Below are listed the main classes of antidepressant medications, some of the most common drugs in each category, and their major side effects:

  • Selective serotonin reuptake inhibitors (citalopram, escitalopram, paroxetine, fluoxetine, sertraline): major side effects include nausea, diarrhoea, and sexual dysfunction.
  • Serotonin and norepinephrine reuptake inhibitors (duloxetine, venlafaxine, desvenlafaxine): major side effects include nausea, diarrhoea, increased heart rate, increased blood pressure, and tremor.
  • Tricyclic antidepressants (amitryptiline, desipramine, doxepin, imipramine, nortriptyline): major side effects include sedation, low blood pressure when moving from sitting to standing (orthostatic hypotension), tremor, and heart issues like conduction delays or arrhythmias.
  • Monoamine oxidase inhibitors (isocarboxazid, phenelzine, selegiline): major side effects include high blood pressure (emergency) if eaten with foods rich in tyramine (e.g. cheeses, some meats, and home-brewed beer), sedation, tremor, and orthostatic hypotension.

Alternative Treatments

There are several treatment options that exist for people who have experienced several episodes of major depression or have not responded to several treatments.

Electroconvulsive therapy is a treatment in which a generalised seizure is induced by means of electrical current. The mechanism of action of the treatment is not clearly understood but has been show to be most effective in the most severely depressed patients. For this reason, electroconvulsive therapy is preferred for the most severe forms of depression or depression that has not responded to other treatments, known as refractory depression.

Vagus nerve stimulation is another alternative treatment that has been proven to be effective in the treatment of depression, especially people that have been resistant to four or more treatments. Some of the unique benefits of vagus nerve stimulation include improved neurocognitive function and a sustained clinical response.

Transcranial magnetic stimulation is also an alternative treatment for a major depressive episode. It is a non-invasive treatment that is easily tolerated and shows an antidepressant effect, especially in more typical depression and younger adults.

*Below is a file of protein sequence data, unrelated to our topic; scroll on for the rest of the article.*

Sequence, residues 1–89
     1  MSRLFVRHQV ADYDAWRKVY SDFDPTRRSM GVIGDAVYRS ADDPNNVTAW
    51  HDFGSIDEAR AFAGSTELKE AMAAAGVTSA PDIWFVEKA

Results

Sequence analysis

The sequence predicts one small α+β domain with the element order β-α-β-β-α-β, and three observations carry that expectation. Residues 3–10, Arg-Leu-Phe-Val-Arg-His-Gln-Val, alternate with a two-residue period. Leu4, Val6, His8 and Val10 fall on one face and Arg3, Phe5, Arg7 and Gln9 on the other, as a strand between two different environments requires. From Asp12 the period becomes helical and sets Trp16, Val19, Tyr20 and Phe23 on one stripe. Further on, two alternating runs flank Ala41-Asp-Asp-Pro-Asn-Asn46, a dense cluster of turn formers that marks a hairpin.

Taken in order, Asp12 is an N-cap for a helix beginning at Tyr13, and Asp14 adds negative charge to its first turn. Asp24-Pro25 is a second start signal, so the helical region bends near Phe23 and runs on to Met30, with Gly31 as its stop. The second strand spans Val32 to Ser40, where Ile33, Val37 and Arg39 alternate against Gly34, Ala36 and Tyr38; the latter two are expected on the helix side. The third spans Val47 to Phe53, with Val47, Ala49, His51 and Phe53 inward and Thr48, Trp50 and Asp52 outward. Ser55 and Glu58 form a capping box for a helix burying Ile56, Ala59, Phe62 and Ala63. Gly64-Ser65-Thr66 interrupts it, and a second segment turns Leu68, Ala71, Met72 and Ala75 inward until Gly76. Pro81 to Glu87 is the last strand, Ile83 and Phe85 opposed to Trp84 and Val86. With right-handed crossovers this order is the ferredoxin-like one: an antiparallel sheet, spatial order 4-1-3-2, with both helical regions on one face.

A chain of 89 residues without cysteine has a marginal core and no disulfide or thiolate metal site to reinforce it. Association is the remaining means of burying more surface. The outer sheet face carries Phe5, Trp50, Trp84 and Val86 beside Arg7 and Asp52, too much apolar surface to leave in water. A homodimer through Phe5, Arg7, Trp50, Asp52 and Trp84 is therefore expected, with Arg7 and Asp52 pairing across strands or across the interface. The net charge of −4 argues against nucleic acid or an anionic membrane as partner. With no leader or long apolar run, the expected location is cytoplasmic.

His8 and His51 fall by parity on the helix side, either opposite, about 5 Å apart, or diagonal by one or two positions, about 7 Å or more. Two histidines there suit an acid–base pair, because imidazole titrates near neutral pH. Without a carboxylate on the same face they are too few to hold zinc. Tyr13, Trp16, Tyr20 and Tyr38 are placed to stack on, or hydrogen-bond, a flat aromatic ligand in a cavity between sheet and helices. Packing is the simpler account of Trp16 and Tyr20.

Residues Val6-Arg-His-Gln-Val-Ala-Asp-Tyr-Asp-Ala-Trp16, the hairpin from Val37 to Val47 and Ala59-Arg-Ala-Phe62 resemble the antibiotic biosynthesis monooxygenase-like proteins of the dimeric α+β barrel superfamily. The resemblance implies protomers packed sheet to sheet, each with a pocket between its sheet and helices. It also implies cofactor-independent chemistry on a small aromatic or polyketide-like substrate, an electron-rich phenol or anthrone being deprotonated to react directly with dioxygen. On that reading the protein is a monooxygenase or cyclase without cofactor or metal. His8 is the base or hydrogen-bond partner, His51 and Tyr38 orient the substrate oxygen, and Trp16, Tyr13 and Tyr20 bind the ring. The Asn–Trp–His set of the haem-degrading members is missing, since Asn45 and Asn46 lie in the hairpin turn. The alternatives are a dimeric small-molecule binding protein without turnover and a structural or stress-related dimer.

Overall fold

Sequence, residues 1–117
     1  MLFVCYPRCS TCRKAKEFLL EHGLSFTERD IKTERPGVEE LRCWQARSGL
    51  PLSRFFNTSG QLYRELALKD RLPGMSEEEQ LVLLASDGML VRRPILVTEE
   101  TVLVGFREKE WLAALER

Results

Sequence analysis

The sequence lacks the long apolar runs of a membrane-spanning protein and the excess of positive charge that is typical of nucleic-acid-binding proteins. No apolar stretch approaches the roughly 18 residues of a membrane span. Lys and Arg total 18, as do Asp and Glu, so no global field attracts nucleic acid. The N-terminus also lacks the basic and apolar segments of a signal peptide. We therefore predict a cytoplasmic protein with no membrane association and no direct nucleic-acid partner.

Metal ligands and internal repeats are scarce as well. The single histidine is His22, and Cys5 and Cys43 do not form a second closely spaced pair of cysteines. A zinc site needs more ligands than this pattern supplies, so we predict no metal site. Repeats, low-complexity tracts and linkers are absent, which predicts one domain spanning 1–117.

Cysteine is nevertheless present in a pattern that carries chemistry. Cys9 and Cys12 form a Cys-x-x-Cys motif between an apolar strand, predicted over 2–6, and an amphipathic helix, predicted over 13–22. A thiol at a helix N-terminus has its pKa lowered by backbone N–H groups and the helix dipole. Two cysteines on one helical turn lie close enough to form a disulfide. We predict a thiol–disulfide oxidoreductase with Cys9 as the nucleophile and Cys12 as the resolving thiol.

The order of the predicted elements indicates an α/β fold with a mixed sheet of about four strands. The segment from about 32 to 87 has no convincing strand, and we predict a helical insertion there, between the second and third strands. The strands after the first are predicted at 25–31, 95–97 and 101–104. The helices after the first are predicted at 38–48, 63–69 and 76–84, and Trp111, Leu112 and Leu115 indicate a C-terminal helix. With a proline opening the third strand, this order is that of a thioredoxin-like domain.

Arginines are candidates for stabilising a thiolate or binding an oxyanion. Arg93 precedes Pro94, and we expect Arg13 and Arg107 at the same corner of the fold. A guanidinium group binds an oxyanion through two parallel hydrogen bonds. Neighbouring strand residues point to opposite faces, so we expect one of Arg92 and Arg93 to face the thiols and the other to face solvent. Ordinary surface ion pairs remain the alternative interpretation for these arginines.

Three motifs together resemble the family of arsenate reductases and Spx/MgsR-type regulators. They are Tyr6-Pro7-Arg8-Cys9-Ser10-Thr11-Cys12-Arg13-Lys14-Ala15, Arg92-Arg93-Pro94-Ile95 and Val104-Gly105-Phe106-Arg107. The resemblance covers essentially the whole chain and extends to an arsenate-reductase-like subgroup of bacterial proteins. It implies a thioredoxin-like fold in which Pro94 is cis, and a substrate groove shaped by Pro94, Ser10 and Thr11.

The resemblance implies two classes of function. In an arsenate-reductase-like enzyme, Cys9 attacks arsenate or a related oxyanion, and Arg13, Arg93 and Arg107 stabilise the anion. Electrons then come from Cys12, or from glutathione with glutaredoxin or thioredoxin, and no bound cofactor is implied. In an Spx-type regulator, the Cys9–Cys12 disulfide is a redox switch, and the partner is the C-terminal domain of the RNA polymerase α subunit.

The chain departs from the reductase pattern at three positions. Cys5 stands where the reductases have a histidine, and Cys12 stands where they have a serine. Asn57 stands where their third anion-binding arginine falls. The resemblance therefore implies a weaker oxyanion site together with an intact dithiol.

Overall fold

If left untreated, a typical MDE may last for several months. About 20% of these episodes can last two years or more. About half of depressive episodes end spontaneously. However, even after the MDE is over, 20% to 30% of patients have residual symptoms, which can be distressing and associated with disability. 50% of people will have another major depressive episode after the first. However, the risk of relapse is decreased by taking antidepressant medications for more than 6 months.

Symptoms completely improve in six to eight weeks in 60%-70% of patients. The combination of therapy and antidepressant medications has been shown to improve resolution of symptoms and outcomes of treatment.

Suicide is the 8th leading cause of death in the United States. The risk of suicide is increased during a MDE. However, the risk is even more elevated during the first two phases of treatment. There are several factors associated with an increased risk of suicide, listed below:

  • Greater than 45 years of age;
  • Male;
  • History of suicide attempt or self-injurious behaviours;
  • Family history of suicide or mental illness;
  • Recent severe loss;
  • Poor health;
  • Detailed plan;
  • Inability to accept help;
  • Lack of social support
  • Psychotic features (auditory or visual hallucinations, disorganisation of speech, behaviour, or thought);
  • Alcohol or drug use or comorbid psychiatric disorder; and/or
  • Severe depression.